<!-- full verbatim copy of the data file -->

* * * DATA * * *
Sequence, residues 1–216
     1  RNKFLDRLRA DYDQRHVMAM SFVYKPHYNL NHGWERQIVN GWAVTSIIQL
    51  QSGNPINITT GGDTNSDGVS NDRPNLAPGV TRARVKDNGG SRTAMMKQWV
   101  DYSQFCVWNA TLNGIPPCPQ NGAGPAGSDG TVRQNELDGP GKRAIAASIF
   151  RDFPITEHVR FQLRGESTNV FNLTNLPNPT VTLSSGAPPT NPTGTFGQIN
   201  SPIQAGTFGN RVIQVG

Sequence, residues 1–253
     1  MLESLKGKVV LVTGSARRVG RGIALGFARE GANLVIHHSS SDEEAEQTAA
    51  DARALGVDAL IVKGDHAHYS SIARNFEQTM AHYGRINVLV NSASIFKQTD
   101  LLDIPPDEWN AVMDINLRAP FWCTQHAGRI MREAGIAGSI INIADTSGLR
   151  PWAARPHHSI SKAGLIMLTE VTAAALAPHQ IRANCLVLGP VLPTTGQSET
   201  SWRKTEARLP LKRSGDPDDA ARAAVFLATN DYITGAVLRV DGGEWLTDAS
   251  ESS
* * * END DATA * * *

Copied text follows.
Sequence, residues 1–216
     1  RNKFLDRLRA DYDQRHVMAM SFVYKPHYNL NHGWERQIVN GWAVTSIIQL
    51  QSGNPINITT GGDTNSDGVS NDRPNLAPGV TRARVKDNGG SRTAMMKQWV
   101  DYSQFCVWNA TLNGIPPCPQ NGAGPAGSDG TVRQNELDGP GKRAIAASIF
   151  RDFPITEHVR FQLRGESTNV FNLTNLPNPT VTLSSGAPPT NPTGTFGQIN
   201  SPIQAGTFGN RVIQVG

Sequence, residues 1–253
     1  MLESLKGKVV LVTGSARRVG RGIALGFARE GANLVIHHSS SDEEAEQTAA
    51  DARALGVDAL IVKGDHAHYS SIARNFEQTM AHYGRINVLV NSASIFKQTD
   101  LLDIPPDEWN AVMDINLRAP FWCTQHAGRI MREAGIAGSI INIADTSGLR
   151  PWAARPHHSI SKAGLIMLTE VTAAALAPHQ IRANCLVLGP VLPTTGQSET
   201  SWRKTEARLP LKRSGDPDDA ARAAVFLATN DYITGAVLRV DGGEWLTDAS
   251  ESS